Changing which neighborhoods go to which schools can be…hard. Emotional. Contentious. Those old redistricting meetings were full of sad or angry or confused parents who didn’t understand what was being done or why, or felt like they hadn’t been given an opportunity to weigh in and now their children were suddenly being taken out of the school they knew. At least, that’s how it often was when the district used to do this. 

This time around, they created a citizen group called the Zoning Advisory Committee. I served on it for four years (as Vice Chair the first year and Chair the next three). The Committee and the school district took the process out to the people and areas it would affect, and did it with transparency, engagement, and understanding. Notice that I did not say agreement, and that is important. It’s impossible to have universal agreement when dealing with the topic of changing school boundaries, but I’m proud to say we achieved a successful understanding with the community. Some families may not have preferred a final recommendation, but they understood why we adopted what we did. This understanding created a foundation of trust between the Zoning Committee and parents, teachers, and the community.

This is, I believe, how we should approach the big decisions we face as a community that cares about schools.

I’m committed to listening to the needs and experiences of students, parents, and teachers and advocating for what they need. I have already met with more than a hundred parents, teachers, and administrators since I was appointed because I believe in accessible representation. I want people to know who I am and how to reach me. That’s why my direct contact information is what I put out there on my cards, website, all that.  

Beyond listening to and engaging the community in the decisions, I also bring some important perspectives. As a parent of elementary school kids, my family is living the decisions being made by the Board and will be for years to come. And I often see the potential impacts of certain topics differently than my colleagues, the majority of whom have no students currently in school.

In addition to being a Trustee, I work full time, too, and know what both businesses and working parents face. I most recently was IGT’s Global Diversity and Inclusion Manager, and a big part of my job is making sure our team members here and across the globe are treated fairly and respectfully. 

My husband and the boys and I like to enjoy all that our wonderful home here in the Truckee Meadows has to offer. We play in the lake, on the mountains, at the Discovery… this is a wonderful place. While I am committed to helping us improve, I think it’s important to recognize that we have great teachers and school staff, and that we only get better by working with each other, which is what I am focused on doing.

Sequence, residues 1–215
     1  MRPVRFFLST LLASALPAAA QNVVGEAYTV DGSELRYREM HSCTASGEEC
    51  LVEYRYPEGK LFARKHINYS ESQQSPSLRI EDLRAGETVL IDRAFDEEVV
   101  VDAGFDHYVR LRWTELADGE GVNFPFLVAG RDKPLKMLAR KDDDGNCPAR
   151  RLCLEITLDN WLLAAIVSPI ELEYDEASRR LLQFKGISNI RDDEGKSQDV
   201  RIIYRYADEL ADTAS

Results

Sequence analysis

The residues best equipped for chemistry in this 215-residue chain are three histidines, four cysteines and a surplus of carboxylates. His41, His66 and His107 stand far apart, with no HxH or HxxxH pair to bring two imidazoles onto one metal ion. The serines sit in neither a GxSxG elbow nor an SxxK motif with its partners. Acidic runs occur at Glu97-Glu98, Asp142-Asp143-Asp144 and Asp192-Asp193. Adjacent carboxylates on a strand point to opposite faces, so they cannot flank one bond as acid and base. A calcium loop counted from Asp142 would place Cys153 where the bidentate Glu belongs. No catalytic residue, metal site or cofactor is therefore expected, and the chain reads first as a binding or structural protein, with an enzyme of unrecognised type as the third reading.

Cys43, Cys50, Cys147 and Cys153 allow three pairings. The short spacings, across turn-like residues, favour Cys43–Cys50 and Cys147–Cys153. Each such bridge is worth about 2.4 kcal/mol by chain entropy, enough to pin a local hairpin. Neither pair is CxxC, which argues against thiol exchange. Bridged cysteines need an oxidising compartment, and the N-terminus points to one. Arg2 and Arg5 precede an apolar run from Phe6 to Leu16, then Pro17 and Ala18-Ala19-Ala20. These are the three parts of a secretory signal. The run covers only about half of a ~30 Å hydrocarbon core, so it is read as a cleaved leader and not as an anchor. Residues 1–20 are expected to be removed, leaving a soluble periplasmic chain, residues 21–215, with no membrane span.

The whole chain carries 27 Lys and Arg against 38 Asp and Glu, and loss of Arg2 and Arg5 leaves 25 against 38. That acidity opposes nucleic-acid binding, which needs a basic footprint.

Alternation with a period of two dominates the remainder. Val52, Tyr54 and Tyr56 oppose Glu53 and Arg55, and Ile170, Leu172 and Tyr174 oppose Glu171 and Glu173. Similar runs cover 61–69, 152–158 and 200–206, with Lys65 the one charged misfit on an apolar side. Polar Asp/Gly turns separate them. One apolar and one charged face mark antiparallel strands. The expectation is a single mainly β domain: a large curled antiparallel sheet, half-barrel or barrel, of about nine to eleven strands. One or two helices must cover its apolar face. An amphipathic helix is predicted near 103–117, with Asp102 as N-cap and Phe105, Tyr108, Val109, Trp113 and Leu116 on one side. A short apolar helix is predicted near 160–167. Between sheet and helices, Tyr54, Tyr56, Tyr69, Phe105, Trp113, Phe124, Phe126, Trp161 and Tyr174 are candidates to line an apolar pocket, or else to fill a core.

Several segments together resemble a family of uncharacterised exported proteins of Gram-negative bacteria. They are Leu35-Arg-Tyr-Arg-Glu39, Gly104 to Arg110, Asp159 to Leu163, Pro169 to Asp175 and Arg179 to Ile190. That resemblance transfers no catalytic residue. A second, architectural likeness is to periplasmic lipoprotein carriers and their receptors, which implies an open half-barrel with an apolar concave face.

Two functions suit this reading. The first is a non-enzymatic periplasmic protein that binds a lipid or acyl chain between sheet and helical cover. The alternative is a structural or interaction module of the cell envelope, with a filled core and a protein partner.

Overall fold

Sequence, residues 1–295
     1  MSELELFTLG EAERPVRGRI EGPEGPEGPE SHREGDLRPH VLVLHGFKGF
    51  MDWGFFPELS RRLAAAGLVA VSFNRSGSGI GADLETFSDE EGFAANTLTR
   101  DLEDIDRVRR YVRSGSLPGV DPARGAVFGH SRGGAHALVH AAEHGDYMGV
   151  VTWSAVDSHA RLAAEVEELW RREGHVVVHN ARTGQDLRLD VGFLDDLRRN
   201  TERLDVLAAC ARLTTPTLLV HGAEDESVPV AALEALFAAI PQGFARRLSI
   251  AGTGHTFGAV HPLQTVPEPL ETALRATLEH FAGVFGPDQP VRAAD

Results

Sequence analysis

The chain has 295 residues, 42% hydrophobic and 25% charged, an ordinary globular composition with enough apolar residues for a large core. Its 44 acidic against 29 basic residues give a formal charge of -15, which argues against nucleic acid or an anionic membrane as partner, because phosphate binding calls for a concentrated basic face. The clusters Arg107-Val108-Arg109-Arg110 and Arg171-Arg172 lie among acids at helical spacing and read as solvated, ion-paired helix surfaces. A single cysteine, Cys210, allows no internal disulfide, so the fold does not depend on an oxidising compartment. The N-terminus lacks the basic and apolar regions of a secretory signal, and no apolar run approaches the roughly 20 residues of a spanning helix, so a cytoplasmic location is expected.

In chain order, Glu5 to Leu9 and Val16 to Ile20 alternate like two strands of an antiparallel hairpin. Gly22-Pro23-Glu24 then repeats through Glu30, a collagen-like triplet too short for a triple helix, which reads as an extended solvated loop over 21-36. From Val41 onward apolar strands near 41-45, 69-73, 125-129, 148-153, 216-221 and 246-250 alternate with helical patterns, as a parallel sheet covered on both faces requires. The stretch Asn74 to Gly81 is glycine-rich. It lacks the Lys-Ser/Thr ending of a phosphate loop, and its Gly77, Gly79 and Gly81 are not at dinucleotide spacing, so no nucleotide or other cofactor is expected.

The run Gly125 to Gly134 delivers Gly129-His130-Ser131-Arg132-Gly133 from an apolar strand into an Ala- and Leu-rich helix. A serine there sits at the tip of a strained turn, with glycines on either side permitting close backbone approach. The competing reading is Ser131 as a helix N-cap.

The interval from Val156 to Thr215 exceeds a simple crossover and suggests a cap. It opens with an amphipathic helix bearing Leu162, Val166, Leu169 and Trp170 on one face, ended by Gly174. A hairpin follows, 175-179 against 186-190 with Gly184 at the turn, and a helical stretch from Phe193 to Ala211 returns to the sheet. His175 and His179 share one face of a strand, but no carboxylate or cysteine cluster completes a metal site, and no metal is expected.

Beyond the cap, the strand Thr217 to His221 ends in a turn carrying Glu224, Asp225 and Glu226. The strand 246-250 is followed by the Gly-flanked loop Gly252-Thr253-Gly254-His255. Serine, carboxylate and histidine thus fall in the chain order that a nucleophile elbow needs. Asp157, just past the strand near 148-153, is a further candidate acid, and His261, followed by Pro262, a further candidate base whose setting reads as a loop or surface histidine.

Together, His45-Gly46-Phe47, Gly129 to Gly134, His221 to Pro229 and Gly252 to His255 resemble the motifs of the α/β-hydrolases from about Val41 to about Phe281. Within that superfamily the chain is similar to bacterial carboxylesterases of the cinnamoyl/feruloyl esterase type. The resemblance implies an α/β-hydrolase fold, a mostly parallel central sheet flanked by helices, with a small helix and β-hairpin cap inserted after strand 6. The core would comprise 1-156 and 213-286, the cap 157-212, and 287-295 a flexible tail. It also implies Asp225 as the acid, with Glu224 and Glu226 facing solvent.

Cover for Beth Smith for School Board Trustee
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Beth Smith for School Board Trustee

Beth Smith for School Board Trustee

Beth Smith is a Washoe County School Board Trustee for District D and a mom of two young boys.

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Today, we say thank you to Interim Superintendent Dr. Kristen McNeill. In 1996, Dr. McNeill set the proverbial apple on her desk at Smithridge STEM Academy, thereby starting her career with the Washoe County School District as a 3rd grade teacher. Her talent shined through to students, staff, and families, and a few years later she became the principal at Lois Allen Elementary School. In 2008, she joined District leadership as Dir. of State and Federal Programs and advanced professionally until being named Superintendent of Schools in 2020. Dr. McNeill is a public servant who worked her way to the top with intelligence, integrity, commitment, and heart. Shes answered the call to guide our District at every opportunity for decades, including leading through the pandemic and selflessly coming out of retirement to unexpectedly serve our kids and community now. 

Its her final day in the role of Interim Superintendent before Mr. Joe Ernst assumes his official position as Superintendent on Monday, July 8. Please email her at Kristen.McNeill@washoeschools.net or express your gratitude the next time you see her out and about. She is the model for what we raise our children to be and what it means to love and serve our home of Washoe County. #thankyou 

Nevada State Education Association 
Washoe Education Association 
Education Alliance of Washoe County 
Nevada Department of Education 
Washoe Education Support Professionals - WESP 
Washoe County School Police Officers Association
Nevada Association of School Boards